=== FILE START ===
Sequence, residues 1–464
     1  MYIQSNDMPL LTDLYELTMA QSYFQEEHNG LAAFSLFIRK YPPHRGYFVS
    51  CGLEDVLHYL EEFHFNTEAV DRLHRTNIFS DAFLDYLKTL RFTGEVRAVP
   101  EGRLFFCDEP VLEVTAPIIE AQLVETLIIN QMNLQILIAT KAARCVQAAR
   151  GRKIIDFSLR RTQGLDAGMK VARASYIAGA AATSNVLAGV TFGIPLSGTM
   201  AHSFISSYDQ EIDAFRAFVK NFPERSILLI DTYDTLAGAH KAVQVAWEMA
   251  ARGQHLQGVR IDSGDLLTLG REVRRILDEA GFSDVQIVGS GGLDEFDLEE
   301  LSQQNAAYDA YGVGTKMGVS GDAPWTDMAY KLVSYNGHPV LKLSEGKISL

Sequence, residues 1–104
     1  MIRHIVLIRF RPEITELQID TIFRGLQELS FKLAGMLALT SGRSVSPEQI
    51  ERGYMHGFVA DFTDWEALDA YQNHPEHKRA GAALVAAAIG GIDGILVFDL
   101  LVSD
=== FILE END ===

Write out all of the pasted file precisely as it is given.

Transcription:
Sequence, residues 1–464
     1  MYIQSNDMPL LTDLYELTMA QSYFQEEHNG LAAFSLFIRK YPPHRGYFVS
    51  CGLEDVLHYL EEFHFNTEAV DRLHRTNIFS DAFLDYLKTL RFTGEVRAVP
   101  EGRLFFCDEP VLEVTAPIIE AQLVETLIIN QMNLQILIAT KAARCVQAAR
   151  GRKIIDFSLR RTQGLDAGMK VARASYIAGA AATSNVLAGV TFGIPLSGTM
   201  AHSFISSYDQ EIDAFRAFVK NFPERSILLI DTYDTLAGAH KAVQVAWEMA
   251  ARGQHLQGVR IDSGDLLTLG REVRRILDEA GFSDVQIVGS GGLDEFDLEE
   301  LSQQNAAYDA YGVGTKMGVS GDAPWTDMAY KLVSYNGHPV LKLSEGKISL

Sequence, residues 1–104
     1  MIRHIVLIRF RPEITELQID TIFRGLQELS FKLAGMLALT SGRSVSPEQI
    51  ERGYMHGFVA DFTDWEALDA YQNHPEHKRA GAALVAAAIG GIDGILVFDL
   101  LVSD